The Real Estate originally reported on Wednesday about the Donald’s premature sales moves regarding his planned condo-hotel in Soho. Seems Trump posted a questionnaire on the condo-hotel’s Web site asking potential buyers if they would use the project as a “primary residence,” “secondary residence,” or “investment property.”
According to an email sent on Wednesday night to The Real Estate by Manhattan Borough President Scott Stringer’s office, it was the Beep who called Trump out on the questionnaire. (If Trump is, indeed, building a condo-hotel, he can’t sell the units as primary residences, and probably shouldn’t be touting them as secondary or as investment residences.)
Trump’s people took the questionnaire down on Wednesday afternoon.
After the jump, Stringer’s stern Wednesday letter to the city Department of Buildings, which has yet to grant Trump a permit for the condo-hotel (but probably will soon). It’s signed by other notables, including U.S. Rep. Jerrold Nadler, whose name on the letter is misspelled.
UPDATE: Stringer’s office tells The Real Estate on Thursday morning that it caught the Nadler misspelling before the final letter went to the Buildings Department. The one after the jump is an earlier, uncorrected version. Whew!
UPDATE 2: Stringer’s office also tells The Real Estate that City Council Speaker Christine Quinn “wrote her own strong letter” to the department regarding Trump’s questionnaire.
- Tom Acitelli
THE CITY OF NEW YORK
OFFICE OF THE PRESIDENT
BOROUGH OF MANHATTAN
December 06, 2006
Commissioner Patricia Lancaster
Department of Buildings
780 Broadway, 7th Floor
New York, NY 10007
Dear Commissioner Lancaster:
As you know, we are very concerned about the proposed condo-hotel at 246 Spring Street. This
is the first time that a condo-hotel has been proposed in a New York City manufacturing zoning
district – in this case, a district that permits transient hotels but prohibits residential development.
Although we understand that the City’s zoning does not, and cannot, regulate based on
ownership structure, it is very important to find some way within existing zoning to ensure that
this building operate as a hotel rather than as a residential building. Allowing development in
manufacturing zones that is effectively residential in nature would have a dramatic impact on our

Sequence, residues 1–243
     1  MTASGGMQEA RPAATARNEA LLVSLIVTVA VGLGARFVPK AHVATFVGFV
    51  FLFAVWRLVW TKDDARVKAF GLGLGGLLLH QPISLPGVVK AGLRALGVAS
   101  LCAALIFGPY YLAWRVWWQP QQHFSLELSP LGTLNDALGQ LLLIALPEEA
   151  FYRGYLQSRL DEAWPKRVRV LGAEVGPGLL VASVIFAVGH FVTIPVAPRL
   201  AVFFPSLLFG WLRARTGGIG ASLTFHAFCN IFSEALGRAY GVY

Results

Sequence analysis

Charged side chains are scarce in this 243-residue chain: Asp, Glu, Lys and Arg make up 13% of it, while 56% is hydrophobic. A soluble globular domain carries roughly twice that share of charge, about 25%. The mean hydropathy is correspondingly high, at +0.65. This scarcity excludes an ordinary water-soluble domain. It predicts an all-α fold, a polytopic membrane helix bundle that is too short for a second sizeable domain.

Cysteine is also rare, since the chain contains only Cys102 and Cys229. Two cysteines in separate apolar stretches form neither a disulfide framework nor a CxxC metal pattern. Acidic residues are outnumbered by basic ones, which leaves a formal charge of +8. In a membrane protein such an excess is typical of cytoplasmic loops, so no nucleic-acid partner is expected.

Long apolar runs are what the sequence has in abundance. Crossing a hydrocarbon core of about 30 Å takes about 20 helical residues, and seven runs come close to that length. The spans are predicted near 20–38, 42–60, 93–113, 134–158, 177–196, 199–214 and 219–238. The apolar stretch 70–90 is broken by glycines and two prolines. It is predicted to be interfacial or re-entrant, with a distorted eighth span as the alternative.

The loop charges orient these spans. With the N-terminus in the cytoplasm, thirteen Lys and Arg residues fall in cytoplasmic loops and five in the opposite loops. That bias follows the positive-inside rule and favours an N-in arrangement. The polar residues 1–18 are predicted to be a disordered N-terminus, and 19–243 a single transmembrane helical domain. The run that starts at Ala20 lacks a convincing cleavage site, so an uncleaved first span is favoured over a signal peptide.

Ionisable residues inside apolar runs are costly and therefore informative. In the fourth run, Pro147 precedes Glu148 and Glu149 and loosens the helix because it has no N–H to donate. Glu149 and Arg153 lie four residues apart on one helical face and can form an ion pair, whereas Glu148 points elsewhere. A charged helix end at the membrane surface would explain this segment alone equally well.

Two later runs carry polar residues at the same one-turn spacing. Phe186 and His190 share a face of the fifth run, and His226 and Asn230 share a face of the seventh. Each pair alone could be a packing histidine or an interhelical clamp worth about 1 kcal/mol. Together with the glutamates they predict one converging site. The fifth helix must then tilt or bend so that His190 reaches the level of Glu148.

neighborhoods and on the City’s economy, letting loose a wave of luxury residential
development in areas that are supposed to be reserved for commercial and light manufacturing
The developer has consistently assured City government officials, and said publicly, that the
project would be a transient hotel that is as-of-right and therefore permitted by the City’s zoning.
As you know, we have urged you to explore every option available to ensure that this project
operate as a short-stay, transient occupancy hotel, and have urged that any restrictions on the
property’s use be enforced as tightly as possible. We understand that you are currently
discussing with the developer how this might be achieved.
So it is very important to note that on its web site, http://www.trumpsoho.com, the developer asks
potential condo unit buyers to answer the question, “What will the property be used for?” and
offers a drop-down menu of three options: “Primary Residence,” “Secondary Residence,” or
“Investment Property,” (see enclosed, current as of the writing of this letter, emphasis added)! In
addition, the brochure the developer is distributing to interested potential buyers (enclosed)
features kitchenettes in the units, a clearly residential amenity that DOB already told the
developer was impermissible at this site.
As you know, residential use is clearly prohibited by the City’s zoning for this site. It is
outrageous and disingenuous for the developer to assure the City that it will be operating a
transient hotel while openly advertising the building’s availability as a primary and secondary
residence. Unfortunately, this behavior entirely validates our feeling that this project, if regulated too loosely, could be an “end-run” around the City’s zoning, and that extraordinary steps must be taken to ensure that this purportedly “transient hotel” really operates as such.
Before continuing any discussions with the developer, we ask that you please confirm with the
developer that the website and brochure have been corrected, and that potential buyers are being, and will be, explicitly informed that units at 246 Spring Street are not available for residential use, but only for transient occupancy. We also request an explanation as to how the developer’s website and brochure could have come to contain this inaccurate information, since the developer has known since the inception of this project that only transient uses would be
permitted at the site. Until these requests have been met satisfactorily, it is hard to see how the
City can have a good-faith negotiation with–and, indeed, approve permits for–a party that
publicly indicates it will abide by the law, while its actions indicate otherwise. Even after the
requested explanation and requests are provided, future discussions should only proceed with a
dose of heavy skepticism about the developer’s intentions to operate this project as a transient
We look forward to working with you on this important matter.
Scott M. Stringer
Manhattan Borough President
Member of Congress
cc: Department of City Planning
Community Board Two
Greenwich Village Society for Historic Preservation